Jan Owen. Image credit: Adam Haddrick for Dumbo Feather
Jan Owen. Image credit: Adam Haddrick for Dumbo Feather

We are delighted to announce that Jan Owen, CEO of the Foundation for Young Australians (FYA), will be our keynote speaker at this year’s awards. The FYA connects young people, governments and business through a range of initiatives designed with and for young people to deliver change across Australia. Together with young people, FYA seeks to influence and shape education and career pathways, transform worldviews and lead communities in innovative ways.
Innovation in education is one of the core values of the Educational Publishing Awards Australia, and so we look forward to welcoming Jan to the awards next month. Here, Jan reflects on how the world looks to young Australians today, and the education requirements of the future.

What are your views on the current Australian education landscape? 

“What we don’t have in our curriculum is enterprising skills embedded across every single lens of learning.”

The FYA produces a number of reports each year on how young people are faring in Australia, both in education and as they transition out of education and training into work. Like other countries around the world, Australia is facing unprecedented uncertainty regarding the future of work and significant disruption in education. FYA strongly believes that the current education system is not geared to the future – it is, in the main, still a fairly clunky, 20th century system. There are pockets of innovation, great approaches and incredible determination, but they are certainly not systemic.
One of the things we do know is that every single young person in the world is going to need enterprising skills in the future. Skills and capabilities in creativity, innovation, collaboration, complex problem solving, digital literacy and financial literacy are the fundamentals of an enterprising mindset and capability. In an uncertain world these are also transferrable skills that can be taken into multiple contexts – either working for yourself (which is going to be much more common in the future), and working with and for other people.
What we don’t have in our curriculum are those enterprising skills embedded across every single lens of learning. Our research tells us that with this kind of learning we must go hard and go early. Where we are currently doing some of this work in schools – often around year 10 – it’s already way too late. So there’s a fundamental systemic change that’s going to have to happen.
The other change that we will see is industry becoming much more involved in education because of the mismatch of skills taught in school and university and the skills required in the workplace. Industry has been part of the VET system in Australia for decades, however I believe it is also going to shape education more broadly, which will be disruptive but potentially enormously beneficial.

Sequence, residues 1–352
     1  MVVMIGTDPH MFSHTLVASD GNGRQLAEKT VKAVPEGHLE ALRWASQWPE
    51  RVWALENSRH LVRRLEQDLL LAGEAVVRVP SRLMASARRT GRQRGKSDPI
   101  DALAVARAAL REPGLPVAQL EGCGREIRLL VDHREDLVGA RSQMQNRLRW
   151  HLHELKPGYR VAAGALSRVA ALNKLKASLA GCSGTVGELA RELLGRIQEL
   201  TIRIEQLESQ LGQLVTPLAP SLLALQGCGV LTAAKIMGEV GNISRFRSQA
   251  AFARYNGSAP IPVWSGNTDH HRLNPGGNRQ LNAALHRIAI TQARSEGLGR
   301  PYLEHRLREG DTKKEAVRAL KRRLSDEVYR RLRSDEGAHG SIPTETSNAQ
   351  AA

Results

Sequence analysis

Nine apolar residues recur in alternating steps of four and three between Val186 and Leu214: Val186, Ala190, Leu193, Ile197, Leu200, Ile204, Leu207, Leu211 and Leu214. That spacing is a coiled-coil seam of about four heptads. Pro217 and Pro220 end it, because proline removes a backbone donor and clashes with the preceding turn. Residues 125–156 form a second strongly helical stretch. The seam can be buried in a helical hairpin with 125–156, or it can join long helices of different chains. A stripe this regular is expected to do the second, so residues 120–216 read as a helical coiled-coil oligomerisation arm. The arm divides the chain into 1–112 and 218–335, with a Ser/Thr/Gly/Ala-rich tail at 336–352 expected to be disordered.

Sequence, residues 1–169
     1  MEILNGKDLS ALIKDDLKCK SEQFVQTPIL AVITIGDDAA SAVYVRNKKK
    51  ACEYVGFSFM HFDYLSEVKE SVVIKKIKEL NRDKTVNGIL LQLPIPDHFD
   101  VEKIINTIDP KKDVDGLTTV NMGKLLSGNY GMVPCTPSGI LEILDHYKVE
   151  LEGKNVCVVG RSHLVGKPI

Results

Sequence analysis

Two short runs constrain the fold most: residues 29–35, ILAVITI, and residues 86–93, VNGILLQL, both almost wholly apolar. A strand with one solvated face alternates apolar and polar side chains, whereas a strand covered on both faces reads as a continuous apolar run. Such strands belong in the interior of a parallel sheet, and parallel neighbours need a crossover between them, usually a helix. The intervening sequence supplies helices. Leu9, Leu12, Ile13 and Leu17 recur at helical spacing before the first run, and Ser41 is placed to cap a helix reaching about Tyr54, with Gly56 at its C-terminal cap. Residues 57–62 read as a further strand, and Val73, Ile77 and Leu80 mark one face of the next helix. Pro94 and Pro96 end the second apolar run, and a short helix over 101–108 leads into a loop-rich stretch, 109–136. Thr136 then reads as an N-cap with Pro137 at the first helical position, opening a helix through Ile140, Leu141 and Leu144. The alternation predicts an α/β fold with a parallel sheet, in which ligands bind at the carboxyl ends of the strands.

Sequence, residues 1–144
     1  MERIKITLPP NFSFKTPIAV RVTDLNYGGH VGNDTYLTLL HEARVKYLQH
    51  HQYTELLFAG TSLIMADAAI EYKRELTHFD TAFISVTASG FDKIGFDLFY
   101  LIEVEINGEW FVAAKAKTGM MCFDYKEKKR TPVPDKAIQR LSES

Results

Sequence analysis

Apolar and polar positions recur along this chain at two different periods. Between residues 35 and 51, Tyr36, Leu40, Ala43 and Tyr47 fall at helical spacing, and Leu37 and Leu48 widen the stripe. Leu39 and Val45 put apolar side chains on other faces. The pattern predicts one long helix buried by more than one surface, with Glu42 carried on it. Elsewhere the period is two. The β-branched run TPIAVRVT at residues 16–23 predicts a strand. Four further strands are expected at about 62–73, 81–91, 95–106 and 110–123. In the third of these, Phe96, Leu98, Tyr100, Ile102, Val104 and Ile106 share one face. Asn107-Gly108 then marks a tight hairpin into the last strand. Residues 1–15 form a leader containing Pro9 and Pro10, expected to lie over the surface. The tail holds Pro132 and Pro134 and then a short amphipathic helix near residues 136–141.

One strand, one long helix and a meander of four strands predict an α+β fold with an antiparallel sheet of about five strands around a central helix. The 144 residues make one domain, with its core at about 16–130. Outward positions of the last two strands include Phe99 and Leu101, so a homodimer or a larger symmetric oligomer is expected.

“We could truly be an innovation nation.”

I see a great deal of reform and disruption around the edges of education that hasn’t yet been mainstreamed. As has always been the case, students who have access to this innovation will reap the benefits, and others will miss out because of their geography or postcode. This lack of systemic responses always leads to inequality. In Australia, with only 23 million people, we can’t afford for some people to miss out if we don’t want to be left behind, and we really have no excuse with such a relatively small population! We could truly be an innovation nation, not least because we have the capacity to test ideas and get them quickly to market.
How is FYA involved in all this?
We are all about equipping and inspiring young people with the skills and networks to shape the future, in their communities, schools and the world. One example of our work in promoting enterprise skills is our ‘$20 Boss’ enterprise challenge in partnership with NAB. In Term 3 this year, over 10,000 students across the country will undertake the challenge, with a target of 100,000 in the next five years. We have produced a set of resources to help teachers assist young people to establish an enterprise, starting with a $20 ‘loan’ from the $20 Boss bank. After a month, they must pay back the loan, with interest, to our evergreen bank. The pilot in Victoria last year was hugely successful – we discovered that not only did almost all the young people pay the loan back (a high return for any bank!), 47% of the students said they’d now consider entrepreneurship or small business ownership as a career or pathway, something they had never considered before. At the end of the year we will hold national awards to showcase the best student ideas and their schools. $20 sounds like a small amount but there have been plenty of great ideas – last year two 14-year old girls in the pilot set up a t-shirt recycling enterprise which is now a fully operating venture.
Tell us a bit more about how FYA operates.
We have three major strategies:

  1. We work with young people in schools. For example, the Adappt project, through which we partnered with Samsung to help students create apps for social good.